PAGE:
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My first great work of fiction was my name. When you share a common name with a famous NFL wide receiver, a semi-famous NBA point guard, and the kinda-famous drummer of Journey, it's best to get creative with the nom de plume if you hope to stand out on the Google machine, so...call me Bowie.

I have always needed to create. My first love was music, but my most powerful love was the movies. I fell in love with movies as a teenager, and from my first job as a movie theater usher at 16 to the years I spent as the assistant to the President of Distribution at Universal Pictures, I was in my 30s before I had a job outside of the movie industry.

When I started my filmmaking journey, there was no iphone, no desktop editing, and no Youtube, so the barriers to entry were pretty high. I did manage to make a couple of crap short films before I made one that ran the festival circuit and gave me the confidence to think that I could conquer Hollywood, so I tried. And I failed. For the most part. I gained a ton of invaluable experience in Los Angeles directing more short films and plays and working in early-aught Los Angeles film collectives like Group 101 and the SoCal FIlm Group, but the kind of success I was working toward eluded me.

 

I have a treasure trove of wonderful memories and L.A. stories, but alas, at a certain point, I burned out on my Hollywood experiment and fell into a scary dark depression. The obvious solution to my problem was to get married, leave Los Angeles for Las Vegas and become a poker dealer at the MGM Grand on the Vegas strip. So I did that.

The addition of our daughter turned our young family into a power trio, and the desire to document my new progeny turned into a full blown obsession with still photography, which filled a hole in my creative life that I desperately needed after leaving behind my dream of becoming the next David Lynch.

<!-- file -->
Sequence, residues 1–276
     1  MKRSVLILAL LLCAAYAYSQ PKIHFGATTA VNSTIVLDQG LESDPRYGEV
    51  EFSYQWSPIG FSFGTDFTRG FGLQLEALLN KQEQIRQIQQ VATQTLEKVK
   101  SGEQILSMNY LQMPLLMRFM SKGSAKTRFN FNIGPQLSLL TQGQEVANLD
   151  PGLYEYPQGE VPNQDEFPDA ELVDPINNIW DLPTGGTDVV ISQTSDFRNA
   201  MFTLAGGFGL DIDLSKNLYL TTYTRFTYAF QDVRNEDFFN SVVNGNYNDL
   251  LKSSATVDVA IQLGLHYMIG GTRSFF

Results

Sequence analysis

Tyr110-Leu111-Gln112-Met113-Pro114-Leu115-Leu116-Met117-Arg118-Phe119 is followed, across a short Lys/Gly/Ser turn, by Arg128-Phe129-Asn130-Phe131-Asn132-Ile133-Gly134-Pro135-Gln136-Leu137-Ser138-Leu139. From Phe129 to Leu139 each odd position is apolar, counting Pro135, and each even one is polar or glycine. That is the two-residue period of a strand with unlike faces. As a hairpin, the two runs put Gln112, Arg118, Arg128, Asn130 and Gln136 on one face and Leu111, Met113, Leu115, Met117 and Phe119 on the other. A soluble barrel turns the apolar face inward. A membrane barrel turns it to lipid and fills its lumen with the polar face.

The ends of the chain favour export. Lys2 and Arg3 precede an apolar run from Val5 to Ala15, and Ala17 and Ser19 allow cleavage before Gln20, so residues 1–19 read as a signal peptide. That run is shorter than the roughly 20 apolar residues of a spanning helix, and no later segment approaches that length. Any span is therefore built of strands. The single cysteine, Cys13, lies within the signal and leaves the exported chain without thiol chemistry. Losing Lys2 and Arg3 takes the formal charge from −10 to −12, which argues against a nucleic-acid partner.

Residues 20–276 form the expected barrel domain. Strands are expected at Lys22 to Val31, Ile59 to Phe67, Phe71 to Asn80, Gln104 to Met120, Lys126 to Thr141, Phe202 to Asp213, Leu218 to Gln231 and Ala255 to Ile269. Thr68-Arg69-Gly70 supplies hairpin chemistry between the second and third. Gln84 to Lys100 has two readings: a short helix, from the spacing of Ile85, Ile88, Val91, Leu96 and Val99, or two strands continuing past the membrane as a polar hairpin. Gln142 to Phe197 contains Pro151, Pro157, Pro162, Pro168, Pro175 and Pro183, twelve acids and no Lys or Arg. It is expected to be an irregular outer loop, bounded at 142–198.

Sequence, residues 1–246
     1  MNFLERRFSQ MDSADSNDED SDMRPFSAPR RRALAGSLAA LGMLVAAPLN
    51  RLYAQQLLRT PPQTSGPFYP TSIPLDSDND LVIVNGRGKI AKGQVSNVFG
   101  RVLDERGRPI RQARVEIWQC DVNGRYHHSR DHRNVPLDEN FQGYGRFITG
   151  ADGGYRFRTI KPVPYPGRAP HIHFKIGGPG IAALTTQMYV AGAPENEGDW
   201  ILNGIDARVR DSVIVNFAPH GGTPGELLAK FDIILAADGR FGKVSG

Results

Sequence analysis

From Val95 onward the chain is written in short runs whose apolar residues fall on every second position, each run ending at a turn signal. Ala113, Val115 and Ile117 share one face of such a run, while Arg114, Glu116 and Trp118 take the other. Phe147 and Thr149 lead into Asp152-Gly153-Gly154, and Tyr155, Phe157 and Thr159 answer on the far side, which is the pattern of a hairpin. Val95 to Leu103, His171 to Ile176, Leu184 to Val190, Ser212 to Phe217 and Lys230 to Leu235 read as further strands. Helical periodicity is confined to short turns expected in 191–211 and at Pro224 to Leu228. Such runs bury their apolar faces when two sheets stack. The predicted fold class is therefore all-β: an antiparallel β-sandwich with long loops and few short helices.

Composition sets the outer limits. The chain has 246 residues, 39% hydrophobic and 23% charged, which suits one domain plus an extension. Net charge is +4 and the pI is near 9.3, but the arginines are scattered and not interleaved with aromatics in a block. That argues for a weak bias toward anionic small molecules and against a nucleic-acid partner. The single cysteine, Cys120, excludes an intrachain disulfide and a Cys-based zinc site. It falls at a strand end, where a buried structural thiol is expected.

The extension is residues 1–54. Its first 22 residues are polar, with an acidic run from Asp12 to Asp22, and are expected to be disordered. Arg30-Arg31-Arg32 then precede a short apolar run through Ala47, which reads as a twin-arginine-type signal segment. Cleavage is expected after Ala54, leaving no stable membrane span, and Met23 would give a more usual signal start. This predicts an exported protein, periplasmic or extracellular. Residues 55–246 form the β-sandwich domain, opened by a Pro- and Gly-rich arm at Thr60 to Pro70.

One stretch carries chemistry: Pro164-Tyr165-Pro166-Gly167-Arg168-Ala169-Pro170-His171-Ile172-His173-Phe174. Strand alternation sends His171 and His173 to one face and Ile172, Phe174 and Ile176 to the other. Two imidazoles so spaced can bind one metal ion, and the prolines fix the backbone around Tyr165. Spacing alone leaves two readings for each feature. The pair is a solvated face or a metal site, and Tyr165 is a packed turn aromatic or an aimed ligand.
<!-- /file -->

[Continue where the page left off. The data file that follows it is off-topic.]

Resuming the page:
As I embraced fatherhood, my creativity and my mental health rebounded. I was feeling complete for the first time in years. And then, in 2008, the bottom fell out of the economy leaving us jobless, homeless and clueless.

We packed up the proverbial van and headed to my home town of Atlanta, and after a sketchy couple of rebuilding years, we were fortunate to get back on our feet. Creatively, my photography was growing increasingly abstract which evolved into an interest in abstract painting, which continues to be my medium of choice these days. 

As our roots took hold in Atlanta and our daughter entered her formative years, I suddenly felt the need to single handedly make the world a better place for her, so I joined everything - a Unitarian Universalist church,  the local chapter of the Democratic party, even my neighborhood's homeowner's association (don't ever do that).

 

I became increasingly involved in progressive political activism, particularly in the area of racial justice, which culminated in my campaign for a seat in the Georgia state senate in 2018. Shockingly, Stacey Abrams came up to my county to hold a campaign rally during her Gubernatorial run that year, shocking because of the overwhelmingly conservative population of my county, but also because of the extremely troubling history my county has with race. After the birth of my daughter, sharing a rally stage with Stacey Abrams may be the highlight of my life. Unfortunately, neither she nor I won.

With my stab at politics behind me, something bizarre is occurring. The storytelling muse is  whispering in my ear, and I am attempting something I haven't attempted in over 15 years. I'm writing a movie. About racial injustice in my historically troubled county. Wish me luck.